2. ^ a b J. Díaz; I. Ramos (1981). Formalization of Programming Concepts: International Colloquium, Peniscola, Spain, April 19–25, 1981. Proceedings. Birkhäuser. pp. 323 , 326. ISBN 978-3-540-10699-9.
3. ^ Hoare, C. A. R. (2004) [originally published in 1985 by Prentice Hall International]. "Communicating Sequential Processes" (PDF). usingcsp.com.
4. ^ a b Tanenbaum, Andrew S. (2006), Operating Systems - Design and Implementation, 3rd edition [Chapter: 2.3.1 The Dining Philosophers Problem], Pearson Education, Inc.
5. ^ Dijkstra, Edsger W. EWD-310 (PDF). E.W. Dijkstra Archive. Center for American History, University of Texas at Austin. (transcription)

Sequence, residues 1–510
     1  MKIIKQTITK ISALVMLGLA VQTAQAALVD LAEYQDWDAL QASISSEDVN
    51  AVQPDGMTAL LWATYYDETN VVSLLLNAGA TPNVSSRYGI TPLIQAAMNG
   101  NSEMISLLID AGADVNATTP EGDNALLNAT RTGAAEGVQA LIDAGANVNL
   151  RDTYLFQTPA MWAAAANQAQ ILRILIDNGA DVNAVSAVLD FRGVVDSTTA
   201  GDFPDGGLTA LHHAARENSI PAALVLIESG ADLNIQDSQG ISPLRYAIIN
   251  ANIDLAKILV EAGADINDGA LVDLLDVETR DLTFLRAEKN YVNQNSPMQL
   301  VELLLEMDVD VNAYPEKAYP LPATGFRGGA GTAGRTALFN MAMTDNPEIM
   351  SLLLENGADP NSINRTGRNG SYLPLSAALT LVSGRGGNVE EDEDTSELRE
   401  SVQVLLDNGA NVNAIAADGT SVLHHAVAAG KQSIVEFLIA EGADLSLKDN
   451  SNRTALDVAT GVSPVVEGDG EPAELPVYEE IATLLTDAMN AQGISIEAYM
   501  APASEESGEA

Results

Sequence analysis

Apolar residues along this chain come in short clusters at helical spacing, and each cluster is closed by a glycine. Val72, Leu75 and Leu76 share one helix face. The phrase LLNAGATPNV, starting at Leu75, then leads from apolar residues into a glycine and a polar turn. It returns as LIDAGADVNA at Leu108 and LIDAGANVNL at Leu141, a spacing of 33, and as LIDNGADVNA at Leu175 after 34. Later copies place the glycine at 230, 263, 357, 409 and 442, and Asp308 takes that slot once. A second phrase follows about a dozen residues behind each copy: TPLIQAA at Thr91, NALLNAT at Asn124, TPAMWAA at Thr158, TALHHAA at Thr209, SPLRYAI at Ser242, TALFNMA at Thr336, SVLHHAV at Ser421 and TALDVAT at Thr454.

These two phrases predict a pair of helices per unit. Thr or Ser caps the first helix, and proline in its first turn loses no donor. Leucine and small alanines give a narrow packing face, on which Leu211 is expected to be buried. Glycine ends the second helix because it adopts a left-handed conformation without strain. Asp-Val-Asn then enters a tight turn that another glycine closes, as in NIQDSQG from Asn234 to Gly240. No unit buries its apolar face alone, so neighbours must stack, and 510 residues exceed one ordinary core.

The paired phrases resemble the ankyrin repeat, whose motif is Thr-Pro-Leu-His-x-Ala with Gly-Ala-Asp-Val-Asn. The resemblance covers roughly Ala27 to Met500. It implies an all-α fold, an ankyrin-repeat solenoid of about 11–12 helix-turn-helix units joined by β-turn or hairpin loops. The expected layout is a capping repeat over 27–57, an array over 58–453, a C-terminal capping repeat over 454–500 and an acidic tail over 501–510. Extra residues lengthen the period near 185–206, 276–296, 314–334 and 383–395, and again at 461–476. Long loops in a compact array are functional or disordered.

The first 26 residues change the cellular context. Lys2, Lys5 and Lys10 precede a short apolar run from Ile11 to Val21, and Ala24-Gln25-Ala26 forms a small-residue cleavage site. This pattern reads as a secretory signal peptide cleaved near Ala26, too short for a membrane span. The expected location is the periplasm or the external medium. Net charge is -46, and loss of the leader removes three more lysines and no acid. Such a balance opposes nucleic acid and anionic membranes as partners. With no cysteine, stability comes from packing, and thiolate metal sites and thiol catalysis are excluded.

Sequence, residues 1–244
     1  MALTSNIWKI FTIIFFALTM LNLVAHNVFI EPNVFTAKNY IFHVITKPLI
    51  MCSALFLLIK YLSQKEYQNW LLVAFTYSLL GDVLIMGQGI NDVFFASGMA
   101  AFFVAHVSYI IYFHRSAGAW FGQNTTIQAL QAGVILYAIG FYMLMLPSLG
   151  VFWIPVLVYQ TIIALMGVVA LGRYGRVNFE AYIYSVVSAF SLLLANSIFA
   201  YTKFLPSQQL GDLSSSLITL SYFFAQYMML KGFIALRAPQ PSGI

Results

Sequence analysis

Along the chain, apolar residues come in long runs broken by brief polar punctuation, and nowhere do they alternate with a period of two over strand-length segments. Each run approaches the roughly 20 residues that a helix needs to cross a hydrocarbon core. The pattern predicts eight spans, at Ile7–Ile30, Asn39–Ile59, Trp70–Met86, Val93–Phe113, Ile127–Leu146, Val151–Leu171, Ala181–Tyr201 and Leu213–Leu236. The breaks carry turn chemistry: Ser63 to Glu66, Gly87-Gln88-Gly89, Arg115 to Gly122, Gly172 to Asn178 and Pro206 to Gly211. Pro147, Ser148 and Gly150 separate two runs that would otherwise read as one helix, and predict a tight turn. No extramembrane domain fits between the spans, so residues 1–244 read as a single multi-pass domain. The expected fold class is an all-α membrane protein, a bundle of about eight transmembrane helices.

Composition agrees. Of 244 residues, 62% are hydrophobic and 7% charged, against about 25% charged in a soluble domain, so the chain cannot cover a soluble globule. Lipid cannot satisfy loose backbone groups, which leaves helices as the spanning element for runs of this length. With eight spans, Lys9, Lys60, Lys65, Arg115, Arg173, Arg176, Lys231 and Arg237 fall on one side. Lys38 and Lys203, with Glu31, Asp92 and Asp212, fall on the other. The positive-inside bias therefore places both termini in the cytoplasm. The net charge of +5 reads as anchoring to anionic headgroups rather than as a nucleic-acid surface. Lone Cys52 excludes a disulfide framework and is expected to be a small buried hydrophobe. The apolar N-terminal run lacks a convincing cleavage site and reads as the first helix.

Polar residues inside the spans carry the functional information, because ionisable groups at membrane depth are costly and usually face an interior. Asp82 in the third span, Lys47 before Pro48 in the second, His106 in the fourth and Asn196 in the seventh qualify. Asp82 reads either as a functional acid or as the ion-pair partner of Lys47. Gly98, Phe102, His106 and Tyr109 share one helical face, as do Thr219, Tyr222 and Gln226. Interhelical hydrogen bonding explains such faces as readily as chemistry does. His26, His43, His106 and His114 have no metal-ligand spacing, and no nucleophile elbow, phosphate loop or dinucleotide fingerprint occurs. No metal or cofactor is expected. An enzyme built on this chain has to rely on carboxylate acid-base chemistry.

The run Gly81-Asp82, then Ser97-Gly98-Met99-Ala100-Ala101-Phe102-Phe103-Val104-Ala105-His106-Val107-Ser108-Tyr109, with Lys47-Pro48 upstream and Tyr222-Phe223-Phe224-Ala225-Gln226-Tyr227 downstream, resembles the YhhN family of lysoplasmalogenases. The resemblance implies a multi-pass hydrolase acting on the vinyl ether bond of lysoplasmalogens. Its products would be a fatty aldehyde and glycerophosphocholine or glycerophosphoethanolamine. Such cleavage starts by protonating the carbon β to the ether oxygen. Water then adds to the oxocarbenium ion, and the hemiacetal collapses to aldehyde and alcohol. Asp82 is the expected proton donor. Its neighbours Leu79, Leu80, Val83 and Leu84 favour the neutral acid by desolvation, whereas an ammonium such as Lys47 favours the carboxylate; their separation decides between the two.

6. ^ Tanenbaum, Andrew S. (2006), Operating Systems - Design and Implementation, 3rd edition [Chapter: 3.3.5 Deadlock Prevention], Pearson Education, Inc.
7. ^ Stallings, William (2018). Operating systems : internals and design principles (9th ed.). Harlow, Essex, England: Pearson. p. 310. ISBN 978-1-292-21429-0. OCLC 1009868379.
8. ^ Chandy, K.M.; Misra, J. (1984). The Drinking Philosophers Problem. ACM Transactions on Programming Languages and Systems.

Bibliography

• Silberschatz, Abraham; Peterson, James L. (1988). Operating Systems Concepts. Addison-Wesley. ISBN 0-201-18760-4.
• Dijkstra, E. W. (1971, June). Hierarchical ordering of sequential processes. Acta Informatica 1(2): 115–138.
• Lehmann, D. J., Rabin M. O, (1981). On the Advantages of Free Choice: A Symmetric and Fully Distributed Solution to the Dining Philosophers Problem. Principles Of Programming Languages 1981 (POPL'81), pp. 133–138.